Taraxacum officinale

You might be surprised to find dandelion in my best bee plant list, but these bright, vibrant landing pads are virtual nectar bars for all pollinators in spring.

Take a look around the garden in March and April and see what is in flower for our early emerging bees. You are bound to find a clump or two of dandelions. These are precious and vital food source for our pollinators. Stake them out and watch who visits. Butterflies, bees of every type and flies too all stop and sup the nectar from the flowers. The protein rich, yellow pollen is a valuable food source for insects and especially bees.

I often wonder why we don’t revere these plants? They have spectacular rich yellow flowers in abundance. Each flower head is a smorgasbord of pollen and nectar rich flower tubes, making it a dinner plate for visiting pollinators that can land easily on its flowers and set to work feeding.

The plants have rich, healthy leaves, which my chickens fight over. The seed heads are a childhood storyboard, a moonscape of perfectly arranged seeds that are set free on the breeze or by a puff of breath. And they are an important source of food for seed eating birds like gold finches.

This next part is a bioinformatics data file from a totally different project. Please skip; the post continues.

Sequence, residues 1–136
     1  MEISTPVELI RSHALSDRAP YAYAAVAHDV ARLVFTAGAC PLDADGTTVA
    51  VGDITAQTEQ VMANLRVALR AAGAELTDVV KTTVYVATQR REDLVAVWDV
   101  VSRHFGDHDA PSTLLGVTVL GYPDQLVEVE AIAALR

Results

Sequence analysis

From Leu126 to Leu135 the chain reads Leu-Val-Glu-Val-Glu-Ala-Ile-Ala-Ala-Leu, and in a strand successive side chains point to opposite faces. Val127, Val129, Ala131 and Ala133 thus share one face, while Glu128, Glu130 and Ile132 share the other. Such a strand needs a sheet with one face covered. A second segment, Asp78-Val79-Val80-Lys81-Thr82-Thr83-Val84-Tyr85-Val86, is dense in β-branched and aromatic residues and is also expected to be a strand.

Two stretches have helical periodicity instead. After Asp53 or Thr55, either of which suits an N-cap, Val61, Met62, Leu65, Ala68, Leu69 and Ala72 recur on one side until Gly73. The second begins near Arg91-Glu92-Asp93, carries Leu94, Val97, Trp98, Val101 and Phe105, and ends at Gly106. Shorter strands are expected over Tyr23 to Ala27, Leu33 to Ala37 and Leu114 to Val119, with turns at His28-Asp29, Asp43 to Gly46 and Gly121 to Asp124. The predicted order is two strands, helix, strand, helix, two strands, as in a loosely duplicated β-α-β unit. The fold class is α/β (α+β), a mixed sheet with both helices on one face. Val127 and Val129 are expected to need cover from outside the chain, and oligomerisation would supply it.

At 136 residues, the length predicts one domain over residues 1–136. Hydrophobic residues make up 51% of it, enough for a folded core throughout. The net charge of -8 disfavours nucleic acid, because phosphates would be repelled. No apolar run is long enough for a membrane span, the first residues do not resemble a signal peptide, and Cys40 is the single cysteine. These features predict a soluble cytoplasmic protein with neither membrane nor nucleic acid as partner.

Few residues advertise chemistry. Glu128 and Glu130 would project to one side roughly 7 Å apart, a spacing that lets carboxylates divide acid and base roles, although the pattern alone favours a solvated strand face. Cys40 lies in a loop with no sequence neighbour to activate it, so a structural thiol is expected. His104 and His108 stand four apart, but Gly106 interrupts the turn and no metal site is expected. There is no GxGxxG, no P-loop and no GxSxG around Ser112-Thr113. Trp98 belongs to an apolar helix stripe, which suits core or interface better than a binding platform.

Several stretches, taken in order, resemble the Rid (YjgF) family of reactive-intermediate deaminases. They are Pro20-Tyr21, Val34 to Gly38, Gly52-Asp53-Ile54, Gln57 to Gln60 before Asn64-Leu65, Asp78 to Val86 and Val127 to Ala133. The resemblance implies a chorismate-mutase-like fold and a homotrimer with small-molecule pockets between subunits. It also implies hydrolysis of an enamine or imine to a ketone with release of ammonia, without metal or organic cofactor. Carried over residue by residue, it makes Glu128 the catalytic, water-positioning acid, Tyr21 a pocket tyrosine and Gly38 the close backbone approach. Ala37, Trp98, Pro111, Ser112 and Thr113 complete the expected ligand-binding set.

Of course you might not want dandelions popping up between the paving slabs on your patio, but before you spray these incredible plants spare a thought for the wildlife that depend on this layer of the food chain and leave some of them to flower their socks off.

In time you might fall in love with dandelions or learn to admire the tenacity and survival skills of these incredible plants. Blanch a few plants under a flower pot and add them to your salad. Roast a few of their fat roots and see if they are a good coffee alternative, or just stand back and let nature take its course so that our pollinators can feed, breed and shelter in safety.

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